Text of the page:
30. In the present case, as in most cases, the two questions are interwoven, but for the sake of simplification their Lordships are prepared to assume without determining that the respondents were prepared to take the opportunity afforded them of making a general attack upon the type of subordinate marriage, which was said to have been intended and to have taken advantage of Harikrishna's action in order to do so. But, they may nevertheless have then honestly believed that a criminal offence had been committed and have undertaken the prosecution in that belief. Let it be assumed that at the time when the girl was given away the respondents knew of the claim of the Rajas of Aul that they were entitled by custom to unite themselves with Karans by the method of Ful Bebahi marriage and thereby to give the girl so united to them the status of a Chauki Bai. Still the question arises, had they at the time of the institution of the prosecution good reasons for believing that Kanaka was taken as a concubine and not under this custom. If the question was whether on the occasion of the feast when the girl was actually removed, the respondents had reasonable cause for his belief the matter might be one of doubt. But those are not the circumstances. The girl was taken away and lived in the Raja's harem for a month, but no ceremony was performed. She died in unusual circumstances, and if the respondents really were prosecutors, they must have known of the statement given by the Raja to the police before the prosecution took place ; a statement which was given in evidence and contained the following assertions. He (i.e., the Raja) said that this girl was brought by her father and left in his palace to be used as a Palate. He denied having any personal knowledge of her importation. He continued to. say that many people bring in their girls when they are too poor to maintain them and such people are usually allowed to be left in his harem to be used as Palatis or disposed of in marriage to their caste people. He further stated that he heard that the girl was seventeen or eighteen, but he had no occasion to see her. He also denied having issued any order to the other two appellants to bring in the girl, nor did he say that there was any negotiation about the girl with him. He admitted that the girl remained in his harem since she was taken in and she used to be looked after by his maidservants. He gave out that according to his house-hold custom no girl is taken as Chauki Bai, etc., until she is kept under observation for some time. So there was no certainty in this connection. The policeman ends the extract from his case diary from which these remarks are taken by saying:
I further examined the proprietor's manager and office superintendent and they also made the same statement as the proprietor and disclaimed all personal knowledge about the girl or of the occurrence.
31. In the circumstances such a statement was bound to give rise to the gravest suspicions. So much so, indeed, that the learned Subordinate Judge, taking the view he did, felt himself constrained to disbelieve this statement and to find that the Raja had made false answers to the policeman's questions for fear of criminal proceedings.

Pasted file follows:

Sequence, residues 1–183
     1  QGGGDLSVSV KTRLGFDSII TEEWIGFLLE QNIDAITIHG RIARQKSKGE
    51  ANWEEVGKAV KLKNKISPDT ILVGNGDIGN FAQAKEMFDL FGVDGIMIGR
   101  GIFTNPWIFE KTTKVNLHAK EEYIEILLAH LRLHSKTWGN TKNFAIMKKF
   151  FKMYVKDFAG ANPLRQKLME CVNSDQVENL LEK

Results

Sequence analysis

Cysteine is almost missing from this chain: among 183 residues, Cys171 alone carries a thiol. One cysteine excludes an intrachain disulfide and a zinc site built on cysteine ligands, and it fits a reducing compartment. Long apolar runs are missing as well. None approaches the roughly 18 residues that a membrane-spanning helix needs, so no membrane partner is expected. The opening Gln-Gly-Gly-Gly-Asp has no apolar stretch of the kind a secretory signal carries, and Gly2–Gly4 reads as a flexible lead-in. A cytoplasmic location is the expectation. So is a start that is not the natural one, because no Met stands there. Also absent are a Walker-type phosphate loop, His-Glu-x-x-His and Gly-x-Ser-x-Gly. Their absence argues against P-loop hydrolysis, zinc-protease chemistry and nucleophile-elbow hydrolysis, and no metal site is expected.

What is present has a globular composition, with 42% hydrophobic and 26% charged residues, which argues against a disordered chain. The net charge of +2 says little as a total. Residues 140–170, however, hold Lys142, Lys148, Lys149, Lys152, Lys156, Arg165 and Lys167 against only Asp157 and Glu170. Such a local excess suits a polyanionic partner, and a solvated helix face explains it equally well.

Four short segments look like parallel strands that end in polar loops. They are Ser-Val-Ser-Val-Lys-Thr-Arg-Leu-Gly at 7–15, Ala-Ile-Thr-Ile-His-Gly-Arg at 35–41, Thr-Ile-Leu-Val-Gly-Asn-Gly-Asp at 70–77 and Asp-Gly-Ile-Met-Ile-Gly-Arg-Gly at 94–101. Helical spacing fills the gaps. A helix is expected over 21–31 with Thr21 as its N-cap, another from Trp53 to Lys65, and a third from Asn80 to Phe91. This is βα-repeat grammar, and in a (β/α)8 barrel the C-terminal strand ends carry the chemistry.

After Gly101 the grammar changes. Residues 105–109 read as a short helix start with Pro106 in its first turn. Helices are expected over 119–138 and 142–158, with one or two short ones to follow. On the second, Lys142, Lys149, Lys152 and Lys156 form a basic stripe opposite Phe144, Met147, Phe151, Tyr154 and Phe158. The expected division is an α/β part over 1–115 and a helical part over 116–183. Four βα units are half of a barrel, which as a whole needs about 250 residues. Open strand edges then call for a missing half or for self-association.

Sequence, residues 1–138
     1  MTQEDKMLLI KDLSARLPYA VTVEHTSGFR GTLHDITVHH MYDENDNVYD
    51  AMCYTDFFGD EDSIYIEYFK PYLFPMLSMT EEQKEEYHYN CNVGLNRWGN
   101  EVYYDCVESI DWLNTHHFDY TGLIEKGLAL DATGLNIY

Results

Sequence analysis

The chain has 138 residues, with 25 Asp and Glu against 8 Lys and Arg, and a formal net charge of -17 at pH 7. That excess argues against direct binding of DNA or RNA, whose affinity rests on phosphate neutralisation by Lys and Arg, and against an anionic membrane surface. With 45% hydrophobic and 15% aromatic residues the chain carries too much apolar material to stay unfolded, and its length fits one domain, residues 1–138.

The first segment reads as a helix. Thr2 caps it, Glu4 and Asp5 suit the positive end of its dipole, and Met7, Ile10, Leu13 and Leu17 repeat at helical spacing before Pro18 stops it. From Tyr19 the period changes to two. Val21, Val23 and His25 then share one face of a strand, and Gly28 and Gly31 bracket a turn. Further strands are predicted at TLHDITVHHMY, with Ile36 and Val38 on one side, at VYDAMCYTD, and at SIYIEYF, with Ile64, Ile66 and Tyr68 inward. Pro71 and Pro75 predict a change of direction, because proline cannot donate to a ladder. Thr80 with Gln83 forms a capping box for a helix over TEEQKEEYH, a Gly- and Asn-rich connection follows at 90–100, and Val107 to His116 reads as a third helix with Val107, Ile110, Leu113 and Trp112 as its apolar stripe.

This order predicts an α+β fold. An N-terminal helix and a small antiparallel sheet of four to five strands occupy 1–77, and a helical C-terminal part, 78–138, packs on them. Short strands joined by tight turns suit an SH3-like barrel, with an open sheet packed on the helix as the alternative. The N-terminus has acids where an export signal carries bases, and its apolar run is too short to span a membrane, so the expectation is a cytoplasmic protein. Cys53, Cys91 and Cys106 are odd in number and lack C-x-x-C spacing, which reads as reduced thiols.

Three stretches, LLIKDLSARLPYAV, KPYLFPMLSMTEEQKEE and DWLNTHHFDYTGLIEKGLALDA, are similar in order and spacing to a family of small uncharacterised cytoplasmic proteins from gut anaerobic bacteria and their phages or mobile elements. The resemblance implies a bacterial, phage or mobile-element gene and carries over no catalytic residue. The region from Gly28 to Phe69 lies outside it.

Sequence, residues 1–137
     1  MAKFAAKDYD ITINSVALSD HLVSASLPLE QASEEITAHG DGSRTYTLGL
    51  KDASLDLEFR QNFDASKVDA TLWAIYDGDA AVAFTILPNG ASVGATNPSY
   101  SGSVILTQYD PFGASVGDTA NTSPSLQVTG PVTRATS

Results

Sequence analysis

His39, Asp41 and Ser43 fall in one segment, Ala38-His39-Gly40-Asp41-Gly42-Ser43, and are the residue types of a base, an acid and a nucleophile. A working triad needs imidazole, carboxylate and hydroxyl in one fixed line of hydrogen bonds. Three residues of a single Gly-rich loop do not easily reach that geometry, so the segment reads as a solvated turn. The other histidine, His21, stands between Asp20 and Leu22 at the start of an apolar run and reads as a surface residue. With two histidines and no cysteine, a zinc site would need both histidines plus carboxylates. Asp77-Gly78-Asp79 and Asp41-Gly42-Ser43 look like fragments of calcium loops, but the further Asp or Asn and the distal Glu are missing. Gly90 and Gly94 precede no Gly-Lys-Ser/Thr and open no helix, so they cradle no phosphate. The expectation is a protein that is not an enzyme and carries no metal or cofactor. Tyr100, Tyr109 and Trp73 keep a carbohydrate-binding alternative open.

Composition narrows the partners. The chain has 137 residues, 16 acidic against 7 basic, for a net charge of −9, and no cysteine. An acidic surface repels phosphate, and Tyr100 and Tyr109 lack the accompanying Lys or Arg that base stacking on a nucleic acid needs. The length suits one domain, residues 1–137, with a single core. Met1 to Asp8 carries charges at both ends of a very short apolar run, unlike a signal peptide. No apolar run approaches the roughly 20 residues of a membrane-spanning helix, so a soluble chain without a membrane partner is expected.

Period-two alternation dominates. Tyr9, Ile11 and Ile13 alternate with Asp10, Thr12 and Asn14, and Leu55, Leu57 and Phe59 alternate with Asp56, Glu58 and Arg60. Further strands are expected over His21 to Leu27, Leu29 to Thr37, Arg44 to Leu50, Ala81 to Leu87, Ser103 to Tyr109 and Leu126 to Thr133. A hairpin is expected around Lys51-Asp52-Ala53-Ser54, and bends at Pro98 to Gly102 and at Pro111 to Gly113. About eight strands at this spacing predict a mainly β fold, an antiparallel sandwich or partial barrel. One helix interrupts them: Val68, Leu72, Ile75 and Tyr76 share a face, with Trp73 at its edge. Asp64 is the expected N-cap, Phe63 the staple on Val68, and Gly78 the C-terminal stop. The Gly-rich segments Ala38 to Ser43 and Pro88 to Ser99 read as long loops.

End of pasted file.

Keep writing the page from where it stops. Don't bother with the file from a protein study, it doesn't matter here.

32. In considering whether this inference is true or not, it is noteworthy that the Raja, though he was a plaintiff, was not called on the trial of the action. Even if his statement was untrue, their Lordships think it must have established a very reasonable belief in the minds of the respondents that there never was any question of making the girl a Chauki Bai. Indeed, their Lordships do not think it established that the Raja did intend to do so, much less that the respondents had no reasonable or probable cause for thinking that no marriage of any kind was contemplated.
33. It is true that the learned Subordinate Judge has found that Harikrishna intended to give his daughter to be a Chauki Bai, but this finding, even if accepted, has no bearing upon the ultimate decision.
34. In the first place Harikrishna is not a party to the present proceedings, and in the second even if he were, the question would not be what he intended but what the respondents reasonably thought his intentions were.
35. As it is, what the respondents thought of Harikrishna's action is not directly material. The material question is what was the respondents' reasonable belief as to the circumstances in which and the object with which appellants Nos. 2 and 3 took away the girl.
36. In their Lordships' opinion the respondents might well believe that the appellants' intention was to take her as a concubine, and it certainly has not been proved that there was no reasonable or probable cause for this view. As it was incumbent upon the appellants, if they were to succeed, to prove that no reasonable and probable cause for the prosecution existed, it follows that the appellants have not made out their case, and the suit fails in respect of the all three.
37. Their Lordships will accordingly humbly advise His Majesty that the appeal should be dismissed. The appellants must pay the costs of the appeal to His Majesty in Council.